Memphis city councilman proposes property tax increase
MEMPHIS, Tenn. (WMC) - Memphis Mayor Jim Strickland’s budget proposal contains no new taxes, but City Councilman Martavius Jones says he wants to raise property taxes to improve city services.
Councilman Jones says the extra money generated, more than $40 million, would be used to give all city employees a three percent pay raise.
Strickland’s budget calls for raises for only police and fire employees. Jones says additional funds would be spent on MATA, fighting blight, and youth activities to keep kids off the street.
“People deserve better,” he told WMC Action News 5. “I think that people are ok paying for things as long as they’re seeing streets are cleaner, as long as they’re seeing more opportunities for children. And that’s what this is designed to do. Memphians deserve better services than we’re providing.”
Strickland would like to see the council set the tax rate at $2.71 per $100 of assessed value. Jones is proposing $3.
The owner of a $100,000 home would pay $677 dollars a year for Memphis city property taxes under Strickland’s plan. They’d pay $750, about $73 more, under Jones’ plan.
A $200,000 dollar home would cost $1,355 at the lower tax rate and $1,500 a year at the higher rate, a difference of $145. Property taxes on a $300,000 home under Strickland’s proposal would be $2,032. That same homeowner would pay $2,250 or $200 more with Jones’ plan.
Many homeowners are still reeling from sticker shock on their reappraisals this year. The current property tax rate is $3.19. State law requires the city council reset the tax rate after a reappraisal period. Here’s a good explainer on that here.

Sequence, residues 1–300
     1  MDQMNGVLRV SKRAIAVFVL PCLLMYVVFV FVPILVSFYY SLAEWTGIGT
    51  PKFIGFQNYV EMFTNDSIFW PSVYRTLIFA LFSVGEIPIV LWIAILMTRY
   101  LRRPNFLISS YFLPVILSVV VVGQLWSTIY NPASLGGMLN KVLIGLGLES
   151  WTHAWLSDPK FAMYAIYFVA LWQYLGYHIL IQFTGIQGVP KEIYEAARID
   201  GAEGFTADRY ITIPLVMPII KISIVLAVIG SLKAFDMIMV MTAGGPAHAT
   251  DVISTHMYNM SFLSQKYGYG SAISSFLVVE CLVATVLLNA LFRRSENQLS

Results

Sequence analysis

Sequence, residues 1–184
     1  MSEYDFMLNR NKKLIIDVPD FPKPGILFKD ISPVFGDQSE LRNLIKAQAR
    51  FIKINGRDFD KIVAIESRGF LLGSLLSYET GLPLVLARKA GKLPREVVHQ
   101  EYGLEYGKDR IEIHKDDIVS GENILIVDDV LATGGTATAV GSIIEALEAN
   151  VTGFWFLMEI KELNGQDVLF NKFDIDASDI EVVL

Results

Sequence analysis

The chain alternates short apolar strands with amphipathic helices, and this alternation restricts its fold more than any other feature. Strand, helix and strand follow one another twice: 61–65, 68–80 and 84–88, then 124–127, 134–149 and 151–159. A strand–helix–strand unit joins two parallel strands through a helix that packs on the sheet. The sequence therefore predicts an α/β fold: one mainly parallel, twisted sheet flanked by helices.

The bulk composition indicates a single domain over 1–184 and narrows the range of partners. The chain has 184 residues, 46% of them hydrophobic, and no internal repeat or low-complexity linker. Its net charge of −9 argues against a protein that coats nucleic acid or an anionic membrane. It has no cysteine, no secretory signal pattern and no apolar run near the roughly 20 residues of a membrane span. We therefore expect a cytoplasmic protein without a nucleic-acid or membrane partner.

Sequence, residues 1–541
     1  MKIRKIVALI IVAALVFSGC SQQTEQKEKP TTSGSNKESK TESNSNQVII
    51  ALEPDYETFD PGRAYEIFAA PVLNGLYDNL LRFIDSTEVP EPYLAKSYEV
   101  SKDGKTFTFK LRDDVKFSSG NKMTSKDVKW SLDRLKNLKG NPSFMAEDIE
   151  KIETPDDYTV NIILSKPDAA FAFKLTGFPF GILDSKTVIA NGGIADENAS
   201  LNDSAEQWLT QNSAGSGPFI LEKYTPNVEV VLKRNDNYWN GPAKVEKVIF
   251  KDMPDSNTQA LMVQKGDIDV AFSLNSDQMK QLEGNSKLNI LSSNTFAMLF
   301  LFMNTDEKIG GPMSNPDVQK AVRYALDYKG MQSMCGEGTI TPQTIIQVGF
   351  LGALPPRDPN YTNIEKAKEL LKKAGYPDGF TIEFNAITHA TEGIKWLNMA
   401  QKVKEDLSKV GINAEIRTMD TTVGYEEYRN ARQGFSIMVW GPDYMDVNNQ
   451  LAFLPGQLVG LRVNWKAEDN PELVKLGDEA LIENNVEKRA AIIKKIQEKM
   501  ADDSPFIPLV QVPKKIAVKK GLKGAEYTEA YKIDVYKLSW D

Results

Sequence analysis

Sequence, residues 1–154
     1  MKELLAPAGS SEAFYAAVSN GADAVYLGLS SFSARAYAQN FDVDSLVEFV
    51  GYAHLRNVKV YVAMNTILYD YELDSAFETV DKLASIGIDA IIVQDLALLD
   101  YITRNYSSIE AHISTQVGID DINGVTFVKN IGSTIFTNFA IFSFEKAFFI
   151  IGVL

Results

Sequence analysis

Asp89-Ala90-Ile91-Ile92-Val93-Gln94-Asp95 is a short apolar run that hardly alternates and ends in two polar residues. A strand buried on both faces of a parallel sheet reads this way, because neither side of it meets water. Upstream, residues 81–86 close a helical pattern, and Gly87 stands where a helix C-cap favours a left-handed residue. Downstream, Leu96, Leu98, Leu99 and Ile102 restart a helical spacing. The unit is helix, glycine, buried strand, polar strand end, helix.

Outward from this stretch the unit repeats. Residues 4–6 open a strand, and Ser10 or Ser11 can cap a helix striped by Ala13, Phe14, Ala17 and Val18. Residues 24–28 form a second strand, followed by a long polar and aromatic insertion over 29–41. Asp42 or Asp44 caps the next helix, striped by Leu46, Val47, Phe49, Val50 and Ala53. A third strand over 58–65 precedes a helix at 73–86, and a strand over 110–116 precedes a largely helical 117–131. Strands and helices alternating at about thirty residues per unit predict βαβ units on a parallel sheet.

The council will vote on Jones’ proposal next Tuesday, June 15.
If you want to find out how much you’d pay in property taxes with the higher appraised value on your home, divide the reappraisal figure by 4, then multiply by $2.71 to see the Strickland rate and multiply it by $3.00 to see what you’d pay under Jones’ proposal.
Example: Right now, using the current $3.19 rate, the owner of a $300,000 home pays $2,392 in city property taxes each year.
Let’s say their reappraisal came in at $340,000. The homeowner would pay $2,303 in yearly property taxes if Strickland’s $2.71 tax rate is approved, which would actually result in a savings of $89 a year.
That same homeowner would pay $2,550 if Jones’ $3.00 tax rate is approved, which would mean an increase of $158 a year in their city property taxes, which works out to $13 more a month.
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